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1.17: Measures of Central Tendency
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Measures of Central Tendency
 
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1.17: Measures of Central Tendency

The "center" of a data set is also a way of describing location. The two most widely used measures of the "center" of the data are the mean (average) and the median. The words "mean" and "average" are often used interchangeably. The substitution of one word for the other is common practice. The technical term is "arithmetic mean" and "average" is technically a center location. However, in practice among non-statisticians, "average" is commonly accepted for "arithmetic mean."

Another measure of the center is the mode. The mode is the most frequent value. If a data set has two values that occur the same number of times, then the set is bimodal.

Calculating the Mean and Median

To calculate the mean weight of 50 people, add the 50 weights together and divide by 50. To find the median weight of the 50 people, order the data and find the number that splits the data into two equal parts (previously discussed under box plots in this chapter). The median is generally a better measure of the center when there are extreme values or outliers because it is not affected by the precise numerical values of the outliers. The mean is the most common measure of the center.

The mean can also be calculated by multiplying each distinct value by its frequency and then dividing the sum by the total number of data values. The letter used to represent the sample mean is an x with a bar over it (pronounced "x bar").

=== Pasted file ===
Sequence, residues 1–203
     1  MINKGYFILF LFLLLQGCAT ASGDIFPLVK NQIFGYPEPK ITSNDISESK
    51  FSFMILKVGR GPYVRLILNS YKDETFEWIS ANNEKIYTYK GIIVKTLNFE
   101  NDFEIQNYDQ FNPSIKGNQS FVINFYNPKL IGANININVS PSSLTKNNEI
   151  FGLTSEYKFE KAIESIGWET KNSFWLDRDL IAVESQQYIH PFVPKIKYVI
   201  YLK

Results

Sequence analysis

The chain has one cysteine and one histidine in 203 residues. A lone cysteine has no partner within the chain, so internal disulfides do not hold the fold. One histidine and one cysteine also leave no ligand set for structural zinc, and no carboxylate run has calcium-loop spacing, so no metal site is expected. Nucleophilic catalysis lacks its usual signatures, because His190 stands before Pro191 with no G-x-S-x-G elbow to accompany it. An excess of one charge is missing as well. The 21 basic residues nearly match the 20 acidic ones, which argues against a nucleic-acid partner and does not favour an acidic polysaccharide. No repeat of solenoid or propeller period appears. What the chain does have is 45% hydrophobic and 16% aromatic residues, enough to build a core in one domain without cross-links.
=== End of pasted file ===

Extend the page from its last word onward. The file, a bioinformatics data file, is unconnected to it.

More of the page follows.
The Greek letter μ (pronounced "mew") represents the population mean. One of the requirements for the sample mean to be a good estimate of the population mean is for the sample taken to be truly random.

You can quickly find the location of the median by using the expression (n+1)/2. The letter n is the total number of data values in the sample. If n is an odd number, the median is the middle value of the ordered data (ordered smallest to largest). If n is an even number, the median is equal to the two middle values added together and divided by 2 after the data has been ordered. For example, if the total number of data values is 97, then (n+1)/2 = (97+1)/2 = 49. The median is the 49th value in the ordered data. If the total number of data values is 100, then (n+1)/2 = (100+1)/2 = 50.5. The median occurs midway between the 50th and 51st values. The location of the median and the value of the median are not the same. 

 

This text is adapted from Barbara Illowsky, Ph.D., Susan Dean, Collaborative Statistics. OpenStax CNX.

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